Tutorial Git Add

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Shows the git add command in detail.
The example is a written example from Version Control with Git [1].


Introduction[edit]

Git classifies your files into three groups:

  • tracked, A tracked file is any file already in the repository or any file that is staged in the index. To add a new file somefile to this group, run git add somefile.
  • ignored, An ignored file must be explicitly declared invisible or ignored in the repository even though it may be present within your working directory.
  • untracked, An untracked file is any file not found in either of the previous two categories.

Init the repo[edit]

<syntaxhighlight lang="bash"> $ git init

  1. Initialized empty Git repository in (xx..x)

$ git status

  1. On branch master
  2. Initial commit
  3. nothing to commit (create/copy files and use "git add" to track)

$ echo "New data" > data

$ git status

  1. On branch master
  2. Initial commit
  3. Untracked files:
  4. (use "git add <file>..." to include in what will be committed)
  5. data
  6. nothing added to commit but untracked files present (use "git add" to track)

</syntaxhighlight>

Initially, there are no files and the tracked, ignored, and therefore untracked sets are empty.
Once you create data, git status reports a single, untracked file.
Editors and build environments often leave temporary or transient files among your source code.
Such files usually shouldn’t be tracked as source files in a repository.

Ignoring files[edit]

To have Git ignore a file within a directory, simply add that file’s name to the special file .gitignore: <syntaxhighlight lang="bash">

  1. Manually create an example junk file

$ touch main.o

$git status

  1. On branch master
  2. Initial commit
  3. Untracked files:
  4. (use "git add <file>..." to include in what will be committed)
  5. data
  6. main.o
  7. nothing added to commit but untracked files present (use "git add" to track)

$ echo main.o > .gitignore

$ git status

  1. On branch master
  2. Initial commit
  3. Untracked files:
  4. (use "git add <file>..." to include in what will be committed)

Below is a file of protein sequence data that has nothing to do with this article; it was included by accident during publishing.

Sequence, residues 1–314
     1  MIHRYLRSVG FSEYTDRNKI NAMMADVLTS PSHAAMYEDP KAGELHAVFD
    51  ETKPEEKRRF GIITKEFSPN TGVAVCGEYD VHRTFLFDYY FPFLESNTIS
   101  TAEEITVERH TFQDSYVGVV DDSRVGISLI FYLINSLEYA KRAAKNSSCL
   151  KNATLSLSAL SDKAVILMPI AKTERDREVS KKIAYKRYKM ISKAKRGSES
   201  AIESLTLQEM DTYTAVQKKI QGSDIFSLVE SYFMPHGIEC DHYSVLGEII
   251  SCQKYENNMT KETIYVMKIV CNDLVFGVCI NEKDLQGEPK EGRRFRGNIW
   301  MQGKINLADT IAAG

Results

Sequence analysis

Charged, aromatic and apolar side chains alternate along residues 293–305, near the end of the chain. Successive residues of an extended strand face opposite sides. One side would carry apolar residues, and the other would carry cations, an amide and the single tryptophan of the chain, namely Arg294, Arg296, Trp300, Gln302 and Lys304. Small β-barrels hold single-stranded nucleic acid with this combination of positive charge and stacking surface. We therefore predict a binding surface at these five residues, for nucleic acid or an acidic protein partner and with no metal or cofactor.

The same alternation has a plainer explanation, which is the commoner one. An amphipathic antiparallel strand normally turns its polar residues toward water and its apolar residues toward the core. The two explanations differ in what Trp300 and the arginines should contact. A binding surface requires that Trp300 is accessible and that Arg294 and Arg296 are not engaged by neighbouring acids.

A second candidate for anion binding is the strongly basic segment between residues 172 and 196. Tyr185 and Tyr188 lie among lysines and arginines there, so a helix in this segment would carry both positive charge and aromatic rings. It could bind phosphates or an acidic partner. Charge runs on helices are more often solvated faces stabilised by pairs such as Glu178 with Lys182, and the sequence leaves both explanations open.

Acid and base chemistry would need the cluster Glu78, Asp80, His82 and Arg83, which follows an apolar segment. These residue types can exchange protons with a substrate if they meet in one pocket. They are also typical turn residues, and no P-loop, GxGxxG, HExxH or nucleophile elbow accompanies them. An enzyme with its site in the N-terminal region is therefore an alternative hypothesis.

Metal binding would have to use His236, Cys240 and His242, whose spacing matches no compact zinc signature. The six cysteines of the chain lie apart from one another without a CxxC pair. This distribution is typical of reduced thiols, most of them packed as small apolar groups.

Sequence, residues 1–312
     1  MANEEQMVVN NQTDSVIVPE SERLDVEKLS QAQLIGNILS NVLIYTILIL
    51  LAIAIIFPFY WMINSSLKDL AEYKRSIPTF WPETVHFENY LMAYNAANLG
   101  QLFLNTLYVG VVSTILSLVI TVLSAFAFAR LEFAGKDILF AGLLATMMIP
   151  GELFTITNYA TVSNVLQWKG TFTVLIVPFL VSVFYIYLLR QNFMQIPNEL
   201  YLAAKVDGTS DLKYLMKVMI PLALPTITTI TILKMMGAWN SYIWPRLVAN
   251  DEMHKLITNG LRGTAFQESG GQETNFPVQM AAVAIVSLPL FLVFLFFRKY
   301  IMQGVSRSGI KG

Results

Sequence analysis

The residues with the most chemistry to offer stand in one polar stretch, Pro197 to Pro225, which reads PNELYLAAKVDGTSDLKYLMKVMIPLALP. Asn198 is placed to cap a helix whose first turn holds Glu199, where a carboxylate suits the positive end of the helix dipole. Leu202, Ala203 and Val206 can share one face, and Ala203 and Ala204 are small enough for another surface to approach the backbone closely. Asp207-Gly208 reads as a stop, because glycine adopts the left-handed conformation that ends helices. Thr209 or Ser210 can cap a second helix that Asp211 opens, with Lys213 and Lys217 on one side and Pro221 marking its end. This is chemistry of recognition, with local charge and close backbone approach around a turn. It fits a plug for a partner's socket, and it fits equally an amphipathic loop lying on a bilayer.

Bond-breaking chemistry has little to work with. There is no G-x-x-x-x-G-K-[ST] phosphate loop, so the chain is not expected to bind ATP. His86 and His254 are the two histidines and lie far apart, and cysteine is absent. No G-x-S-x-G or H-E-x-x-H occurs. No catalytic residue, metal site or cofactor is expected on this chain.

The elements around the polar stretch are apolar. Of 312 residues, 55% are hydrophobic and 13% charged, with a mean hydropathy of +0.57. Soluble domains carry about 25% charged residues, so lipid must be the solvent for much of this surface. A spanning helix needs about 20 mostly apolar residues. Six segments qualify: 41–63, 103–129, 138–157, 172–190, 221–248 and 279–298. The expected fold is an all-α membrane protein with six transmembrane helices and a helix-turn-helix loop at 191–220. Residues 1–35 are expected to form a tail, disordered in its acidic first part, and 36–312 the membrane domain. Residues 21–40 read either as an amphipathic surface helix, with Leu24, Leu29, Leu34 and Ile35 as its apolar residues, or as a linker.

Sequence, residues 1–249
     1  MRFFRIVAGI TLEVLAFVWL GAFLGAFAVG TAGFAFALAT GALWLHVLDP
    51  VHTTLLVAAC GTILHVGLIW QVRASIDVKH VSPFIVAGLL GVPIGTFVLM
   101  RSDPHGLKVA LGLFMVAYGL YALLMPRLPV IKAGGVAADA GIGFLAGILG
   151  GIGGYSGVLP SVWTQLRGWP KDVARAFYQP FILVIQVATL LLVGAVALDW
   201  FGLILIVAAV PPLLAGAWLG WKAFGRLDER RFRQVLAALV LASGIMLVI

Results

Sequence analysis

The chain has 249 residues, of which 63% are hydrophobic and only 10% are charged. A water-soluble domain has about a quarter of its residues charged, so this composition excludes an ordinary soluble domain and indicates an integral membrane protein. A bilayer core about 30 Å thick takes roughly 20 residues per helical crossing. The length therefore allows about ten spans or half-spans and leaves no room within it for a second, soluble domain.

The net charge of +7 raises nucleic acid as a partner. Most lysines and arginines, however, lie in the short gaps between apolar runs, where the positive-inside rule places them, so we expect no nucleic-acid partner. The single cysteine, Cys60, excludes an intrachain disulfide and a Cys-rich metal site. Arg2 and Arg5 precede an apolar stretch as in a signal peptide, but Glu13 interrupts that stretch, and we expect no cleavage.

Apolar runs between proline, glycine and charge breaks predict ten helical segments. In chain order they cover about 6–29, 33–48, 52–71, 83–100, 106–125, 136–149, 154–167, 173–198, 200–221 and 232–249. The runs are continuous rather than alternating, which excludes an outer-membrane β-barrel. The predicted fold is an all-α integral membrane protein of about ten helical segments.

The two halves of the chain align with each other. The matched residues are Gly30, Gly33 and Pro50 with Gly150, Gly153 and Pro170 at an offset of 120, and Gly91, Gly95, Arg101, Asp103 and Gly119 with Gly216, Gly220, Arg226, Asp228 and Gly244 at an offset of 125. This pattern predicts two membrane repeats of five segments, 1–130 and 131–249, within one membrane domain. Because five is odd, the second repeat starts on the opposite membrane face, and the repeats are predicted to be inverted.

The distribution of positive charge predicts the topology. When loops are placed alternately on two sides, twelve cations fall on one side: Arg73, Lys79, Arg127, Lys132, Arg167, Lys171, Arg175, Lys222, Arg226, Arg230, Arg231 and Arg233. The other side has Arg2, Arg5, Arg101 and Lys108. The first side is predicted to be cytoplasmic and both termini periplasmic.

5. .gitignore
  6. data
  7. nothing added to commit but untracked files present (use "git add" to track)

</syntaxhighlight>

Git Add[edit]

The command git add stages a file.
In terms of Git’s file classifications, if a file is untracked, then git add converts that file’s status to tracked.
When git add isused on a directory name, all of the files and subdirectories beneath it are staged recursively. <syntaxhighlight lang="bash"> $ git status

  1. On branch master
  2. Initial commit
  3. Untracked files:
  4. (use "git add <file>..." to include in what will be committed)
  5. .gitignore
  6. data
  1. Track both new files.

$ git add data .gitignore

$ git status

  1. On branch master
  2. Initial commit
  3. Changes to be committed:
  4. (use "git rm --cached <file>..." to unstage)
  5. new file: .gitignore
  6. new file: data

</syntaxhighlight>
The first git status shows you that two files are untracked and reminds you that to make a file tracked, you simply need to use git add.
After git add, both data and .gitignore are staged and tracked, and ready to be added to the repository on the next commit.

In terms of Git’s object model, the entirety of each file at the moment you issued git add was copied into the object store and indexed by its resulting SHA1 name.
Staging a file is also called caching a file or putting a file in the index.
You can use git ls-files to peer under the object model hood and find the SHA1 values for those staged files: <syntaxhighlight lang="bash"> $ git ls-files --stage 100644 0487f44090ad950f61955271cf0a2d6c6a83ad9a 0 .gitignore 100644 9262d6eedbdd2158bab5c6cebcfd69eeaafb3e69 0 data </syntaxhighlight>

Now edit the data to contain <syntaxhighlight lang="bash">

  1. Edits the data

$ nano data ....

  1. Show the new content of the file data

$ cat data New Data And some more data now

$ git hash-object data 27369b4434874eaa36163e3443c1b0773940224f

  1. Let’s update the index to contain the new version of the file

$ git add data $ git ls-files --stage 100644 0487f44090ad950f61955271cf0a2d6c6a83ad9a 0 .gitignore 100644 9262d6eedbdd2158bab5c6cebcfd69eeaafb3e69 0 data </syntaxhighlight>

The index now has the updated version of the file.
Again, the file data has been staged, or speaking loosely, the file data is in the index.
The latter phrase is less accurate because the file is actually in the object store and the index merely refers to it.

The seemingly idle play with SHA1 hashes and the index brings home a key point: Think of git add not as add this file, but more as add this content.

See also[edit]

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Reference[edit]

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  1. Version Control with Git, Powerful Tools and Techniques for Collaborative Software Development, Jon Loeliger & Matthew McCullough, O'Reilly, 2012 Second Edition, isbn=9781449316389